State-appointed Newark schools superintendent Cami Anderson is cutting some 500 jobs, including 200 teaching positions, 200 central office employees, and nearly 100 non-instructional workers, including clerks and aides. The resulting layoffs will follow tenure and seniority laws and regulations despite Anderson’s apparently failed effort to obtain permission from the state to ignore seniority.
Sources within both the Newark Teachers Union (NTU) and the central office confirmed the job cuts but stressed the actual number of men and women who will be fired is likely to be fewer because of retirements, resignations, and already vacant positions.
In an email to NTU members, John Abeigon, the union’s director of organization, said Newark Public Schools representatives met with union leaders to depict a “worst case scenario” that included the dismissal of 104 non-tenured teachers who already had received their notice of layoff letters. Abeigon said 93 non-instructional positions would be eliminated.
Meanwhile, Vanessa Rodriguez, Anderson’s chief labor relations aide, called in central office staff and said as many as 200-300 positions would be eliminated—but, again, the actual number of persons affected is likely to be lower. One meeting participant said the way she handled the meeting was hurtful, especially to long-term employees who had to stand by and watch while Anderson hired scores of new outsiders and gave them extraordinarily high salaries–about a dozen of whom now make $175,000 or more and that’s the governor’s salary.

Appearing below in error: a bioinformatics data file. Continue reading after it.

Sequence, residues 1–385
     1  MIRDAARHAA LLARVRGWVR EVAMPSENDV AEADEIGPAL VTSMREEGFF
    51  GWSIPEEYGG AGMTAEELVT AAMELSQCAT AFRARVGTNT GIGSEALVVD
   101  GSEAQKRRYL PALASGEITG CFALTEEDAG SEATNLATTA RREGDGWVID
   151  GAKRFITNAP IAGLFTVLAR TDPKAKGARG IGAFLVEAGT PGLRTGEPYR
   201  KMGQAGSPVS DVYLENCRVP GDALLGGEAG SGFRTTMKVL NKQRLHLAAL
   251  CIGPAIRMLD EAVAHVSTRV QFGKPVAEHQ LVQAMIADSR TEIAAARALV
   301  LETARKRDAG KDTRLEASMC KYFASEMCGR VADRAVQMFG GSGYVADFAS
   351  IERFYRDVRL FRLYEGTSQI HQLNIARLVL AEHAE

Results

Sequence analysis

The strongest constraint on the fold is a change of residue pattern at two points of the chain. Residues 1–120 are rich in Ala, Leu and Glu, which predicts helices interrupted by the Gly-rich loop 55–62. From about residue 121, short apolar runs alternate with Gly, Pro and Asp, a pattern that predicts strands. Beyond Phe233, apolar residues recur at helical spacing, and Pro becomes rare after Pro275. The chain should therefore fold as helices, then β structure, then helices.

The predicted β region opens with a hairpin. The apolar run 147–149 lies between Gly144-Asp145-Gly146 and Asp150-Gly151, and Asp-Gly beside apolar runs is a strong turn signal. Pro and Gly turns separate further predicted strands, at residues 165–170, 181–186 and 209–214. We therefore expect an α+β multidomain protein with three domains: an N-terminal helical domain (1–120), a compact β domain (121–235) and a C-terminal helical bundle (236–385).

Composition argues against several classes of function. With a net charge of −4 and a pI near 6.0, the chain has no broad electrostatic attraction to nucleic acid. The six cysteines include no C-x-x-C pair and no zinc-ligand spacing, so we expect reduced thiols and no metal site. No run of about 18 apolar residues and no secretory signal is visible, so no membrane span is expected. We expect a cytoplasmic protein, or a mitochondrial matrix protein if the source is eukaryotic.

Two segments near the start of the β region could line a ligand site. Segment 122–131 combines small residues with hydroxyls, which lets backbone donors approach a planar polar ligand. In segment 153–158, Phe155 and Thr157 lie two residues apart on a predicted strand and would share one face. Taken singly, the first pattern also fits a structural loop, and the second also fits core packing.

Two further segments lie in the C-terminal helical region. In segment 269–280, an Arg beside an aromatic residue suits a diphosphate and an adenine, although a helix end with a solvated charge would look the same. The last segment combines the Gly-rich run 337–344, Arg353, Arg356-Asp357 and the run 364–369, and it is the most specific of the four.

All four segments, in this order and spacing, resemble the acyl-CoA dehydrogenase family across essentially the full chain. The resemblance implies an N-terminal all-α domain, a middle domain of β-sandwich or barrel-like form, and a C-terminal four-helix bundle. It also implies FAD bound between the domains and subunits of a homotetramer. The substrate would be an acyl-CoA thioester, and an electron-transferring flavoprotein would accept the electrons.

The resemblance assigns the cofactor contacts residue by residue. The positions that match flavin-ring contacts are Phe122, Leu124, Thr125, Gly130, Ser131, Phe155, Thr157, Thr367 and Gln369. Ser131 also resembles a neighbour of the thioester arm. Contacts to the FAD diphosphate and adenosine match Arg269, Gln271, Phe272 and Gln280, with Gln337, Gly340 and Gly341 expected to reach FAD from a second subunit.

Anderson is working on a special project for the Aspen Institute to increase the number of young top staff members.
“It was very matter of fact,” said one person at the meeting, “She told us the people laid off would be gone by August. I’ve never seen morale this law.”
If the numbers hold, the scope of the layoffs is smaller than originally feared. Earlier this year, union leaders expressed fear as many as 700 teachers might be laid off this year. Anderson herself has told some media she wanted to cut a third of the teaching staff.
NPS officials had steadfastly denied reports here that Anderson’s request for permission to ignore seniority rules had neither been withdrawn nor denied. A spokesman for Acting Education Commissioner David Hespe said no action had yet been taken on the elaborate, 100-page request for a waiver of seniority rules. Anderson wanted to use the new teacher evaluation system to determine which teachers would be fired.